Passwords are played out, according to Apple. The company is touting a fingerprint scanning system, dubbed Touch ID, as one of the most prominent new features of its upcoming iPhone 5S. Touch ID will boost phone security, Apple says, by allowing people to unlock their phones with a fingerprint instead of a 4-digit PIN. But it has another purpose too—making it easier for all of us to to buy more stuff, faster, on the iTunes and App stores.
While browsing Apple-owned digital stores, iPhone 5S users will be able to purchase items with a simple press of the home button instead of entering their Apple ID password. The feature is first step to a world where our bodies can be used to confirm purchases instead of a string of letters and numbers.
“We think it’s an interesting approach to e-commerce and distinctly different from what several other players in the market are trying to do,” says Bill Kreher, an Apple analyst at Edward Jones. “Using iTunes as a starting point is an excellent proof of concept and could lead to outside apps being able to use the technology.”
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People are getting ever more comfortable with the idea of buying things directly from their smartphones. About 75% of smartphone users now buy or compare products via mobile, according to eMarketer, and that group will spend almost $15 billion in mobile commerce this year. By 2017 eMarketer projects that people will be spending $30 billion buying stuff from their phones.
Apple, which generated almost $4 billion in revenue from its digital stores in the last quarter alone, wants to make the transition to mobile shopping as seamless as possible. The simplicity of Touch ID could help make that happen. “It’s highly portable, it’s unique, it’s not difficult to memorize, it follows you wherever you go,” says Norman Sadeh, the director of the Mobile Commerce Lab at Carnegie Mellon University . “If the technology works, people will adopt it.”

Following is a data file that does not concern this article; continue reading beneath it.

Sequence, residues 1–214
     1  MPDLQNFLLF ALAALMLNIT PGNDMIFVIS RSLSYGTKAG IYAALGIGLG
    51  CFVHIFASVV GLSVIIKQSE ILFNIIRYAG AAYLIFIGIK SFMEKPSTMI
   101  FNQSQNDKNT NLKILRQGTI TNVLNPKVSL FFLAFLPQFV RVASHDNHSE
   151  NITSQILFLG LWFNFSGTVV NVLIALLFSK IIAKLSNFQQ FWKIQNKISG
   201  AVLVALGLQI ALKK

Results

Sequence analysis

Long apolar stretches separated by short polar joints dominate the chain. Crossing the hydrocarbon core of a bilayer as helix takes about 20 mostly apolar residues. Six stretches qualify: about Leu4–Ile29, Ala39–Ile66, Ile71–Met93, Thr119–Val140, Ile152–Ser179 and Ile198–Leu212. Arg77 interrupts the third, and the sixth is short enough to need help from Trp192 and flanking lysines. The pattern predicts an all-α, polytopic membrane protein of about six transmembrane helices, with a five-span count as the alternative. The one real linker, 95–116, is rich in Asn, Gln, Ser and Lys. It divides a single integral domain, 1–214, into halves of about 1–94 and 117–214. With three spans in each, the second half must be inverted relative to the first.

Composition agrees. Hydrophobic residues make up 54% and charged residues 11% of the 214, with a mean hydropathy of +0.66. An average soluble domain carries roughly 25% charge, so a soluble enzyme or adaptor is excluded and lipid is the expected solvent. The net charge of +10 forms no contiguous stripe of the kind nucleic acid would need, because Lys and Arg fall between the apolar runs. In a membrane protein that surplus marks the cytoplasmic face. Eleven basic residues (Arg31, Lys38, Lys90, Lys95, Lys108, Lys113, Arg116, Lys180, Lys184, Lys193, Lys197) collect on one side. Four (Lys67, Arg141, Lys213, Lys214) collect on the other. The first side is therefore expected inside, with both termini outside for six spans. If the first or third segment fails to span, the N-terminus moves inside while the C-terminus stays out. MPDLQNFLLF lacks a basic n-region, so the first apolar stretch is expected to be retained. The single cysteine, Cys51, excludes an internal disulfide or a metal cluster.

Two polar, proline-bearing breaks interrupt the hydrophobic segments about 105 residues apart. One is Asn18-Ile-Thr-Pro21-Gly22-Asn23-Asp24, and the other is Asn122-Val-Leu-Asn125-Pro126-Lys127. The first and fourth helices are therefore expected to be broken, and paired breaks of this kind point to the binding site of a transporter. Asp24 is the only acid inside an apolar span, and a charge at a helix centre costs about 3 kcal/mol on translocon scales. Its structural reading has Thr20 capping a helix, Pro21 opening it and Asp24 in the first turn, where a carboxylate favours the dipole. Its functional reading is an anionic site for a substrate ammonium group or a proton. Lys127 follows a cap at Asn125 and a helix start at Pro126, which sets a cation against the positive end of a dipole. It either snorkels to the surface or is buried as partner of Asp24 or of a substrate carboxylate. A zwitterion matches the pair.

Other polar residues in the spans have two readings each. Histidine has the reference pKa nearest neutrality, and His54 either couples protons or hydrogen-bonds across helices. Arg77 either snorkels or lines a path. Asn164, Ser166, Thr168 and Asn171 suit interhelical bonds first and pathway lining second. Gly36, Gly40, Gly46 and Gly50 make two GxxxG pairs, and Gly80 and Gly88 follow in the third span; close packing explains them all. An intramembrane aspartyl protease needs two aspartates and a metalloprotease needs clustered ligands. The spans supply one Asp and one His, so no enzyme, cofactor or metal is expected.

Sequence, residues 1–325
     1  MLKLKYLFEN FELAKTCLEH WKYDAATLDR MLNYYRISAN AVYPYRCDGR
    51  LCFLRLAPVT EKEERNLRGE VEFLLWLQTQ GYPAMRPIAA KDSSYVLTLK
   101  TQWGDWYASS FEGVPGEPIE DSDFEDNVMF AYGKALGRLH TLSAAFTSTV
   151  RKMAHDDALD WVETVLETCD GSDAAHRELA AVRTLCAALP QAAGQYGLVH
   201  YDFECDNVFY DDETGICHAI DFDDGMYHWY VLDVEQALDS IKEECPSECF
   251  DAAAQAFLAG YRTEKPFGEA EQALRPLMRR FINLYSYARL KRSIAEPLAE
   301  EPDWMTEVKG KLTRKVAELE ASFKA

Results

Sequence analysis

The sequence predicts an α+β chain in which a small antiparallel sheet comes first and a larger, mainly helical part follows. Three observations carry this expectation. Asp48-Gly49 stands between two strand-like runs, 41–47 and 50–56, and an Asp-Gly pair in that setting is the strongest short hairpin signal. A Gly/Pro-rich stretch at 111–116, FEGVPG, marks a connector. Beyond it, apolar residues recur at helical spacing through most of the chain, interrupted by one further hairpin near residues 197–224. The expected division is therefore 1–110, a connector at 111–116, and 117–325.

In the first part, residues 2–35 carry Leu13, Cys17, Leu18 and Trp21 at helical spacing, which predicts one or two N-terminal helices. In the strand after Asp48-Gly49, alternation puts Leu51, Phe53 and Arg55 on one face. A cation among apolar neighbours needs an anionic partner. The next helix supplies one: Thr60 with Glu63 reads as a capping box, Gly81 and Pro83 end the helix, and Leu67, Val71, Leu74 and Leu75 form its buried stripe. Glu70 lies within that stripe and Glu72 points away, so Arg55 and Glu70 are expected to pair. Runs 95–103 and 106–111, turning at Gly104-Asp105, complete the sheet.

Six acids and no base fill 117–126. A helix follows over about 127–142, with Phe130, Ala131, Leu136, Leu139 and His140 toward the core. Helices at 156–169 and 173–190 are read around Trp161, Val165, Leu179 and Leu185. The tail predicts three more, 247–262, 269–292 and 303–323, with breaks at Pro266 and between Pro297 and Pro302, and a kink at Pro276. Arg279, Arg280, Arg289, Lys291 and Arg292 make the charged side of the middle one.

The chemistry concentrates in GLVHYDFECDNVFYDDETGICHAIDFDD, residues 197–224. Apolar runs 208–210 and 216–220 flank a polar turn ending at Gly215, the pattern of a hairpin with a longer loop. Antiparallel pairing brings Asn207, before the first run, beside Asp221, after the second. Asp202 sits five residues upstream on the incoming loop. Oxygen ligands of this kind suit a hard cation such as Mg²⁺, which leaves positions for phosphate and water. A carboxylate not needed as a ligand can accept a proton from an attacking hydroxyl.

A fingerprint scanner alone doesn’t alleviate worries about digital security, though. “There are techniques out there for lifting and duplicating fingerprints,” says Marc Rogers, the principal security researcher for mobile security firm Lookout. “A fingerprint is something you inadvertently expose all the time when you touch things. There’s always the potential for someone to copy it, and that’s less likely than something you remember.”
Rogers says a two-step authentication process, involving a fingerprint and a PIN or password, would be the best way to handle financial transactions. Apple’s implementation replaces entering a password with a fingerprint scan, even when buying products in the App Store. But unlike most data Apple collects, users’ fingerprints will not reside in the cloud. The company says fingerprint data will only exist on a specific iPhone’s internal hardware.
For now, other apps won’t be able to make use of Touch ID, but Apple may later open up its use to other developers. Even if it doesn’t, phone manufacturers have a tendency to follow Apple’s lead when it comes to implementing new features—think about how Siri spawned a host of other personal voice assistants from rivals like Samsung and Google. There have actually been other smartphones with fingerprint scanners on the market before, but none have found great success.
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Other companies are working on alternate methods to make mobile commerce more seamless. PayPal just overhauled its mobile app to allow people to pay restaurant bills via smartphone. Facebook is testing a system that would allow users to make purchases in apps by logging into their social media accounts. Meanwhile companies like Square and and Google are vying to bring mobile commerce into the real world by releasing apps that let people make in-store purchases with their smartphones. So far, biometrics like fingerprint scanners haven’t played a big role in e-commerce, but they’re gaining prominence as a digital authorization method. Scientists are devising ways for users to authorize actions with their fingerprints, their heartbeats and even their thoughts. With a company as influential as Apple adopting biometrics, their use is likely to grow more widespread.
“We’ve seen Apple take technology from relatively unknown position to being mainstream literally overnight,” Rogers says. “I think it has the potential for being huge.”